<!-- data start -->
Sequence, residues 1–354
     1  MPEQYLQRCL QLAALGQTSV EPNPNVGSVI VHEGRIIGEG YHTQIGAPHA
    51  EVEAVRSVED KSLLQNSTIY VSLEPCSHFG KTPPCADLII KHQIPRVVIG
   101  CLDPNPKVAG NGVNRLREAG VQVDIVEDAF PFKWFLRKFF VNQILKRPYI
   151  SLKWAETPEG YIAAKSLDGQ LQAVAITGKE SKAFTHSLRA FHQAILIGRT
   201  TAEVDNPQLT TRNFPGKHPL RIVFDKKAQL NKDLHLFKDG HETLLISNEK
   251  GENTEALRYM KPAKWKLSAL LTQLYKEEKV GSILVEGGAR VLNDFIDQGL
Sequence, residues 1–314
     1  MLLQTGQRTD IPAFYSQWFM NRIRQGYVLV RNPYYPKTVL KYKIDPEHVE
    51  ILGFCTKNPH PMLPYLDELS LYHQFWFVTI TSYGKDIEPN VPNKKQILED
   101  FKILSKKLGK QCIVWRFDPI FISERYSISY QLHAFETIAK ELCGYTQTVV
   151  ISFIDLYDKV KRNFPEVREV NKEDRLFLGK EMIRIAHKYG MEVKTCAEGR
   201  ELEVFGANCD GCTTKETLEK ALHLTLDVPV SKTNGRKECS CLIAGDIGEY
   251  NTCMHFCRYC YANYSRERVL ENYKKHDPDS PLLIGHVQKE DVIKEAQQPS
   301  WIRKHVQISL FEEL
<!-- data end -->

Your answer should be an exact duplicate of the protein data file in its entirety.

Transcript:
Sequence, residues 1–354
     1  MPEQYLQRCL QLAALGQTSV EPNPNVGSVI VHEGRIIGEG YHTQIGAPHA
    51  EVEAVRSVED KSLLQNSTIY VSLEPCSHFG KTPPCADLII KHQIPRVVIG
   101  CLDPNPKVAG NGVNRLREAG VQVDIVEDAF PFKWFLRKFF VNQILKRPYI
   151  SLKWAETPEG YIAAKSLDGQ LQAVAITGKE SKAFTHSLRA FHQAILIGRT
   201  TAEVDNPQLT TRNFPGKHPL RIVFDKKAQL NKDLHLFKDG HETLLISNEK
   251  GENTEALRYM KPAKWKLSAL LTQLYKEEKV GSILVEGGAR VLNDFIDQGL
Sequence, residues 1–314
     1  MLLQTGQRTD IPAFYSQWFM NRIRQGYVLV RNPYYPKTVL KYKIDPEHVE
    51  ILGFCTKNPH PMLPYLDELS LYHQFWFVTI TSYGKDIEPN VPNKKQILED
   101  FKILSKKLGK QCIVWRFDPI FISERYSISY QLHAFETIAK ELCGYTQTVV
   151  ISFIDLYDKV KRNFPEVREV NKEDRLFLGK EMIRIAHKYG MEVKTCAEGR
   201  ELEVFGANCD GCTTKETLEK ALHLTLDVPV SKTNGRKECS CLIAGDIGEY
   251  NTCMHFCRYC YANYSRERVL ENYKKHDPDS PLLIGHVQKE DVIKEAQQPS
   301  WIRKHVQISL FEEL